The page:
Sunday, October 31, 2004

Just dance!

A Fair Damsel is walking down the road, a few hooligans bother the damsel, she screams for help and obviously no one comes forward. Just when one loses all hope for her, in comes the Hero. Hero gets battered and bruised but he fights on. When he is done with those mangy hooligans the Police arrive.

What should logically be the next sentence in the above paragraph?

1. The Fair Damsel then gives our hero a Kiss.
2. The fair damsel is actually a guy going to a fancy dress competition.
3. The Fair Damsel takes our Hero to the Hospital.
4. The Fair Damsel and the Hero then whisk away to an exotic foreign location for a dance.

If you are preparing for the Common Admission Test (CAT) you probably are familiar with this type of question. Now, go back read the paragraph again and answer the question. If you are done, look at the key.

Answer Key:

You chose 1? : Your mind is somewhere else.

You chose 2? : Why would you want to story to progress in THAT particular direction?

You chose 3? : Congratulations! Means you are well set for the big day. Cause, If you notice the fourth line in the paragraph, it mentions the fact that the hero got battered in the fight. Logically, he should go to the hospital.

You chose 4? : You are no stranger to the world of Indian Cinema!

Indian Cinema has seen a lot of changes over the years. Obviously, the change to color in the sixties. The villain along with his vamps has been thrown out of the window. He has been replaced by the Mother-in Law. A guy who doesn't mind shedding a few tears has replaced the angry young man of the seventies. The confident lass has replaced the naive belle.

One feature has stood the vagaries of time though: The exotic location number. It is an unwritten law in both Mumbai and Chennai that every movie must contain a song shot in some foreign location. No, I am not talking about the Item Number. I am talking about the song in which the two express their affection by contorting their bodies in a manner that would put Shannon Miller to shame.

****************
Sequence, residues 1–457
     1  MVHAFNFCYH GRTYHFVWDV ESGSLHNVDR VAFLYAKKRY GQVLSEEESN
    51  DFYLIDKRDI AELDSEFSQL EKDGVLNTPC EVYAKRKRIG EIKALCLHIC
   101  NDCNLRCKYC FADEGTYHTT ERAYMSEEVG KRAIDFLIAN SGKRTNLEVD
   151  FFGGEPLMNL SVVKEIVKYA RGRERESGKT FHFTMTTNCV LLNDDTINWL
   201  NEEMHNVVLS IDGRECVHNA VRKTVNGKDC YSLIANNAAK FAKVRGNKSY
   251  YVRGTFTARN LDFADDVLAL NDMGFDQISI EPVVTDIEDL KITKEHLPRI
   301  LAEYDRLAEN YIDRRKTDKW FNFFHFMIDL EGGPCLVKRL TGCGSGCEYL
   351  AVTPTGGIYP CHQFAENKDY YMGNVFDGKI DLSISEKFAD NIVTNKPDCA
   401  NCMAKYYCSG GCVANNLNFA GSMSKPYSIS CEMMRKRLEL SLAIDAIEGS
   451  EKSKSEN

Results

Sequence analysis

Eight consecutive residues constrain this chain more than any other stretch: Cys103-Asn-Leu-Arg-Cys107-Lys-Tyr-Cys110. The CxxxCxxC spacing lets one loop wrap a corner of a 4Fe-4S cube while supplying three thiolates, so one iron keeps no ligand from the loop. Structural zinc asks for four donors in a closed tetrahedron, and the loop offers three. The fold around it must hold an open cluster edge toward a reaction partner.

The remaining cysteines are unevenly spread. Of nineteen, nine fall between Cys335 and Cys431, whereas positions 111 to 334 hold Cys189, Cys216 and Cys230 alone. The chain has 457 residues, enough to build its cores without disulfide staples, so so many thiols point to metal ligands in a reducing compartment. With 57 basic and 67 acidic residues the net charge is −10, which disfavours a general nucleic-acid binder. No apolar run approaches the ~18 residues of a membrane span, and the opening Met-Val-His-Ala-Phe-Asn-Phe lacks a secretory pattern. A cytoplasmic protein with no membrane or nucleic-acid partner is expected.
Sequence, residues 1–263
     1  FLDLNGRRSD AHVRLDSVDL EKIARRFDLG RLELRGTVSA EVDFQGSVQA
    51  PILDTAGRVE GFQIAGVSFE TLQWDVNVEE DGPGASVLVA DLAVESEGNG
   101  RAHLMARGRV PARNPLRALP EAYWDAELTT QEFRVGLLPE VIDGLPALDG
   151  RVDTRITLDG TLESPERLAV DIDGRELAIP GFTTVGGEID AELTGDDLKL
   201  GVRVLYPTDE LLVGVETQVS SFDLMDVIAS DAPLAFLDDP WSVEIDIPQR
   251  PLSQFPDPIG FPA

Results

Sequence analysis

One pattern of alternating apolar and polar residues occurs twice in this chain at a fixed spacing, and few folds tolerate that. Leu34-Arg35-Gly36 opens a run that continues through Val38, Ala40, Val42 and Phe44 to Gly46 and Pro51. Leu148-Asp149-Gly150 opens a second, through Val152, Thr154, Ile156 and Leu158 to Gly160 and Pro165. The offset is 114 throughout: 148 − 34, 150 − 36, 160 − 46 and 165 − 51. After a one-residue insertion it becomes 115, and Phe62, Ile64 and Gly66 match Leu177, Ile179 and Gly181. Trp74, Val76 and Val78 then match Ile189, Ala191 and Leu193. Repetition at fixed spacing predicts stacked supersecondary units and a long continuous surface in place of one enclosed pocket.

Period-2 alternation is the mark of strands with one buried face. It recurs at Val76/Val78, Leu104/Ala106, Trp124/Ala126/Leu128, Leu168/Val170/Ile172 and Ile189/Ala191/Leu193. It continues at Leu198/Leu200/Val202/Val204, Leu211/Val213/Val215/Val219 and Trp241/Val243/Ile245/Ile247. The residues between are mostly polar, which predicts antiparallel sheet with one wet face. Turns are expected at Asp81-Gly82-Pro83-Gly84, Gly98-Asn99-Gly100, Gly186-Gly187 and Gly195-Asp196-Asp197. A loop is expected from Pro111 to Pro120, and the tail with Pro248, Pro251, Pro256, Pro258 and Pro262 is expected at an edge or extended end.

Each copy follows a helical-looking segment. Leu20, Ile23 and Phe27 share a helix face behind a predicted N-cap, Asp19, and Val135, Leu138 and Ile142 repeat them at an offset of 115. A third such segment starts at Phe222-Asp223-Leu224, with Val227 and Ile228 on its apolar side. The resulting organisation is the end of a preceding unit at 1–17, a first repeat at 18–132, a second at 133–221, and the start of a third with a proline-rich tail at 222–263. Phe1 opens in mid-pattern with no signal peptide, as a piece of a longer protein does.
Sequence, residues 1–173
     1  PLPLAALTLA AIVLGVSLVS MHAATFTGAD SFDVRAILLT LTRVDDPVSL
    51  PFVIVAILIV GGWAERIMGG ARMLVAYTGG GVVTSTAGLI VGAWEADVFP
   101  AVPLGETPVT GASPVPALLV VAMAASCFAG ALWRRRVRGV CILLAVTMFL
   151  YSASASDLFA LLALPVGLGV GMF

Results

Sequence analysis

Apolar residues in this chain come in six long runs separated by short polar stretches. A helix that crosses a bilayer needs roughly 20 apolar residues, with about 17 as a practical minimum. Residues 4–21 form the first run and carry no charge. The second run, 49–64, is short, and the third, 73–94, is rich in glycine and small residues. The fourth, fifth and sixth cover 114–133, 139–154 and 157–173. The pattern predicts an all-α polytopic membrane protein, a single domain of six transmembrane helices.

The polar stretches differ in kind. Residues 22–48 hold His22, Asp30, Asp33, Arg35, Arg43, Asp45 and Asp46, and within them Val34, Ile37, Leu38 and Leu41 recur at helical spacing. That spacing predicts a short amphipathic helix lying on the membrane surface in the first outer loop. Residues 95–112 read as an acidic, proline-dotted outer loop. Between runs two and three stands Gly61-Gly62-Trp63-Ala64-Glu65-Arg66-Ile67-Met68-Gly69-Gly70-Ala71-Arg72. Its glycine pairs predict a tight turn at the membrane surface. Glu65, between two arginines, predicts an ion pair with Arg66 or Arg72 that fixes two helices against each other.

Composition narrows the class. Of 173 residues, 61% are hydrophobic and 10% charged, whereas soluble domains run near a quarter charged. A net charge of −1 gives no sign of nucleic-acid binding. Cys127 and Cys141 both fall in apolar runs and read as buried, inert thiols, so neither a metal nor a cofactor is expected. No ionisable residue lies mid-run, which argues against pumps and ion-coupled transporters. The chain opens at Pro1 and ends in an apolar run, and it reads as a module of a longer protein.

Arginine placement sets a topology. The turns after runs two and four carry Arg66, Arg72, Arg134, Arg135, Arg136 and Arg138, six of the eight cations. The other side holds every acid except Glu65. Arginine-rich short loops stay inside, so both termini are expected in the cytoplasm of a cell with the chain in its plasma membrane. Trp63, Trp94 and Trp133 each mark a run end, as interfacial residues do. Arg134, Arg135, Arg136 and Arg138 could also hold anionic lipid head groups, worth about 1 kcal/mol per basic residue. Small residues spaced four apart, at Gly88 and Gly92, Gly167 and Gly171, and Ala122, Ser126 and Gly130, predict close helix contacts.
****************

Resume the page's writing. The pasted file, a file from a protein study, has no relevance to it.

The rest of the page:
There are (obviously) many advantages of having such a song in your movie.

1. Wipes out five minutes of the running time.
2. Wipes out five minutes of the running time
3. Wipes out five minutes of the running time
4. Wipes out five minutes of the running time
5. Wipes out five minutes of the running time

Judging by the success rate these heroes have (they ALWAYS get the girl!) I must admit that probably the best way of professing an undying love for your woman is doing a few jhatkas and pelvic thrusts. So forget those candlelight dinners and those lovely roses, just get your dancing shoes and do the moves.

The best part of these songs is the foreigner. One can't help but notice him as he walks past our hero and his lady. Of course, some just stand hypnotized by the movements of the two lovebirds. How can you blame them? The sight of Vijaykanth (in a pink shirt and green trousers )dancing with a hot babe (like Ramba) will hypnotize just about anyone.

I pity the heroines, while the hero is nicely wrapped in layers and layers of clothing when frolicking in the snow the heroine has to make do with one very flimsy saree. Miraculously, she is also expected to smile and behave as if she is having a great time.

One of my friends is of the opinion that ESCAPISM is the reason that parallel/art movies don't do well in India. She feels that the average first rower doesn't really want a depressing movie. He just wants to forget his mundane daily activities and movies offer an escape. He feels good when a poor young boy beats up the 'baddies' and gets the rich young (good looking) girl.

That does make a lot of sense but why would he want to profess his love by dancing in St. Tropez? Surely he would prefer Ooty or Kandala. Surely he would chose Mount Road over the most important road in Geneva (okay, I have to google the name) and Valluar Kottam over Westminister Abbey.


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